The late former President of France, Charles De Gaulle is credited with the line “The better I get to know men, the more I find myself loving dogs.” Perhaps it is an indictment of humankind, but we can also look at it as a credit to an animal that is often called our “best friend.” 

People and our best friends, dogs have lived together for thousands of years. Dogs have played a major role in our evolution. They have served as our household and livestock guards, guides, and companions. How we treat them often has to do with our culture. In Nepal, dogs enjoy a special religious significance as the guard of the Hindu God, Yama of the underworld, and dogs are honored on a special day called “Kukur Tihar”. However, historically not having a culture of keeping pets, dogs are often seen as nuisance and once a year prayer to honor Yama and his dogs hardly makes up for another 364 days of outright cruelty and neglect.

Traditionally, resource constrained societies also do not have means necessary to deal with challenges of living with uncared for dogs. Nepal is no exception and has challenges providing adequate services for its citizens let alone address the issues of stray dogs. As a result, it is estimate that there are over 20,000 stray dogs roaming Kathmandu, the capital city, alone. The actual numbers in Kathmandu and the whole of Nepal may be much greater, and this is creating many problems for both people and the dogs.

Rabies, a viral disease that kills thousands of people around the world is one of the biggest problems of having many stray dogs. Dog bites from infected animals can pass this disease to humans. If not treated properly, victims often die. According to the, over thousands of people die every year from rabies. Historically, the victims are children and mostly girls. A point, very important for Rukmini Foundation to address.

Our approach to lessen the burden to both people and dogs was to work on reducing the population of street dogs. Clearly, the resource needed to capture, examine, and treat any ailments to house these stray dogs would be too great and the funds for such tasks are just not there at any level of society. The whole of Nepali society may not ready for taking collective action of that scope to address the challenges faced by these dogs. We need to help the stray dogs while working to change the hearts and mind of collective to have more humans providing time and resources to address stray dogs. The easiest ways to help the dogs was to spay the stray female dogs effectively reducing the numbers of offspring.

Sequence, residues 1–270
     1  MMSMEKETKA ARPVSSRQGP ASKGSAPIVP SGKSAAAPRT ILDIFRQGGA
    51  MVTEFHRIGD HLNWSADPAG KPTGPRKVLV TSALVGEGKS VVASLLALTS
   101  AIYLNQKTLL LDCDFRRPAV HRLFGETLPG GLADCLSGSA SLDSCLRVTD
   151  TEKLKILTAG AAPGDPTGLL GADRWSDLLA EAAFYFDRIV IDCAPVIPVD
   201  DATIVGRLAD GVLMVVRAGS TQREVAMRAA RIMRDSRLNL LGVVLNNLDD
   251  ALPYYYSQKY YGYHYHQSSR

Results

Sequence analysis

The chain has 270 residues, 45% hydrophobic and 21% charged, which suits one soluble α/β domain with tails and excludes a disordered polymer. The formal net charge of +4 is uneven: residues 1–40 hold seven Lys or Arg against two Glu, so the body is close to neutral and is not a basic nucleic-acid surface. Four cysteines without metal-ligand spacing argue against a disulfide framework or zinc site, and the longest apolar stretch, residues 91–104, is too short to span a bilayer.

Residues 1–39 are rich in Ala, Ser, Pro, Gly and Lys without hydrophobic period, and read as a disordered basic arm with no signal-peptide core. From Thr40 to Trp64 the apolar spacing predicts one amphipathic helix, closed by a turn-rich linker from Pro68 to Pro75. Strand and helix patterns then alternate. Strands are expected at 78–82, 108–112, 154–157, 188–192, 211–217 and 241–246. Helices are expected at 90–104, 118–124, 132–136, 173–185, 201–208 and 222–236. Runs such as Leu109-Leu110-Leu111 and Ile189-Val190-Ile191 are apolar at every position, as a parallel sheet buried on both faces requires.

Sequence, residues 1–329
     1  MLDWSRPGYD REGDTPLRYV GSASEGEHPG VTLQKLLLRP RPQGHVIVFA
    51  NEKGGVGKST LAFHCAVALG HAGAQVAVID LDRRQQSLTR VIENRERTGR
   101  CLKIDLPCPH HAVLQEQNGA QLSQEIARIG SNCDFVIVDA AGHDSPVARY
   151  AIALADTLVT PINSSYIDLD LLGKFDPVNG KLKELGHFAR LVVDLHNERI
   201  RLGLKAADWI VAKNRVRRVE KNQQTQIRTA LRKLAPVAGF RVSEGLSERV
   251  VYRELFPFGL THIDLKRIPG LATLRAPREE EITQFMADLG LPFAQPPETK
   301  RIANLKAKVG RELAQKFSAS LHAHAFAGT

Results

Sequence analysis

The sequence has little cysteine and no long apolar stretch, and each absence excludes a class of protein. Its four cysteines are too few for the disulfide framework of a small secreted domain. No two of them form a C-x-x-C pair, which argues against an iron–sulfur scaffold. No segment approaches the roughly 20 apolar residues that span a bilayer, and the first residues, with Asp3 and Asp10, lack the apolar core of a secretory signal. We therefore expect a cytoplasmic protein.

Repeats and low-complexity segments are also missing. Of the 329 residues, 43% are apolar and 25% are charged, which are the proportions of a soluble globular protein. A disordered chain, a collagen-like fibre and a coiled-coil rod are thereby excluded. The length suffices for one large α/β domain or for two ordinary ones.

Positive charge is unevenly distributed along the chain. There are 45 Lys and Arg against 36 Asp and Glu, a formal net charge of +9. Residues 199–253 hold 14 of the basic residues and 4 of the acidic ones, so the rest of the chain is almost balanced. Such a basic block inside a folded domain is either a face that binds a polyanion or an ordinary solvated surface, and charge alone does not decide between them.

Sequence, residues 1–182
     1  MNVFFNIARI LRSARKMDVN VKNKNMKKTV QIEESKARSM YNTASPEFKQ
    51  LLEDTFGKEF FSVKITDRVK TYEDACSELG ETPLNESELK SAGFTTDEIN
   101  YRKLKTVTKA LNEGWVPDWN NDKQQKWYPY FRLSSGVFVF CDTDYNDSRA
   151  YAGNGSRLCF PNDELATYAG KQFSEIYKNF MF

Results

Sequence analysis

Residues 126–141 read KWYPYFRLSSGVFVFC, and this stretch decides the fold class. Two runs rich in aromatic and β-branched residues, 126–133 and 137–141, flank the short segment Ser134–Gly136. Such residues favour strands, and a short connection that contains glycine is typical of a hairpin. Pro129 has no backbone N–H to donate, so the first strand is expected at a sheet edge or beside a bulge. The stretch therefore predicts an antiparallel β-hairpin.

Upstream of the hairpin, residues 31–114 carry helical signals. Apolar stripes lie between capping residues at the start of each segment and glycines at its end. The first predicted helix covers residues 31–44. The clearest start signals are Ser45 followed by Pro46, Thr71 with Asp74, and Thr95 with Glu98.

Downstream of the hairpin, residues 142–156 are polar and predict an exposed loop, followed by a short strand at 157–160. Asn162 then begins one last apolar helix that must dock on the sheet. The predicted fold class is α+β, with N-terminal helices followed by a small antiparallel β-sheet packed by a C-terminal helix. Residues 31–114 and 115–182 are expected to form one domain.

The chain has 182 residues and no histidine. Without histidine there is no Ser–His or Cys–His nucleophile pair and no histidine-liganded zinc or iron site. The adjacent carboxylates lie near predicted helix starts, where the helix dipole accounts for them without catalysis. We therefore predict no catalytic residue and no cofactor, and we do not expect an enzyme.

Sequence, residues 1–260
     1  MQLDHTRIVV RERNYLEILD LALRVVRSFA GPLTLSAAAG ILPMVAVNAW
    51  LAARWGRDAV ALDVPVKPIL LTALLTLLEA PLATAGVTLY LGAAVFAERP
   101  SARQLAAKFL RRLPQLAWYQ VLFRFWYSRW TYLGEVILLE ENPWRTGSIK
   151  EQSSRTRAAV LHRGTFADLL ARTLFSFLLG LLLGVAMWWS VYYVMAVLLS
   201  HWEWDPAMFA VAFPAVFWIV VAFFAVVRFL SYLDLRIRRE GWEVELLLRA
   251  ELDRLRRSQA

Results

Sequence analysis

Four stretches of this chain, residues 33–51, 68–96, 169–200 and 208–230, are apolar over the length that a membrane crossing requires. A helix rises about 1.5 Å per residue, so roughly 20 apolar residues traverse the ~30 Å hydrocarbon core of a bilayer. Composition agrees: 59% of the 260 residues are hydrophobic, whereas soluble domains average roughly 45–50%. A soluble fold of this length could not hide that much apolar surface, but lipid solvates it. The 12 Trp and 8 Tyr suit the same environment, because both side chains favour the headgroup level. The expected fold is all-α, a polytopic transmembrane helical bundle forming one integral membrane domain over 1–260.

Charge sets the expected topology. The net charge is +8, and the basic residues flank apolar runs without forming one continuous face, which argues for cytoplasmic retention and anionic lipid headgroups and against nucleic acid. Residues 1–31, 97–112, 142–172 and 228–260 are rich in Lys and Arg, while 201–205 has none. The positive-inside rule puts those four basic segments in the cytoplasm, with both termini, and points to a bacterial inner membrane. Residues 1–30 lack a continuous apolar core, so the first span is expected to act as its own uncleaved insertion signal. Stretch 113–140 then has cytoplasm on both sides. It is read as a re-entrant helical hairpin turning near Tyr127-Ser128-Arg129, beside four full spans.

Th reality of a stray dog mother is grim. Many dogs have anywhere from 5 to 14 puppies and most of these puppies don’t survive due to starvation, accidents, and death due to human actions. Not having adequate food supplies for themselves, the new puppies create additional burden for these mothers. The surviving puppies end up making more puppies in their lives resulting in a cycle where stray dogs and people are both suffering. While there are many other things that could be done to help dogs in Nepal, the foundation focusing on reducing the number of strays through spaying. We believe this is the most effective option we have at our disposal given the cost and resources available in the area. Here are some overviews of the efforts related to our spaying campaign:

  • Coordinated efforts across various canine agencies and dog lovers globally to spay the female dogs to slow the rate of population increase.
  • Focus on a neighborhood by working with volunteers to identify and capture female dogs to spay
  • Provide other medical care if needed
  • Provide a few days of recovery along with food/water
  • Release them back into the neighborhood only after they are recovered
  • Continue this Neighborhood driven campaign across Kathmandu and any other locations to spay, track and reduce the future number of stray dogs


A generous gesture from one of our donors has allowed the foundation to work with individuals and agencies in Kathmandu to capture, transport and treat stray female dogs for spay operations. As a result, the foundation has spayed over 200 dogs so far. As the programs progresses along, it shows us the challenges, opportunities, and short-term effects of our actions in targeted areas. The challenges of solving the stray dogs problem while seeming unsurmountable, can be resolved if we can change how people feel about dogs. One way to change how people feel about dogs is to show our utmost care and concerns for dogs while reducing their overall numbers so the humans and dogs can live in harmony.

About Anup Aryal

Anup has a wide variety of experience from technology, finance, insurance, and education. He has worked for large companies as well as helped startups get off the ground. He has many interests, but education as well as the welfare of animals are two important ones for him. For the foundation, Anup provides ideas and supports events and efforts.
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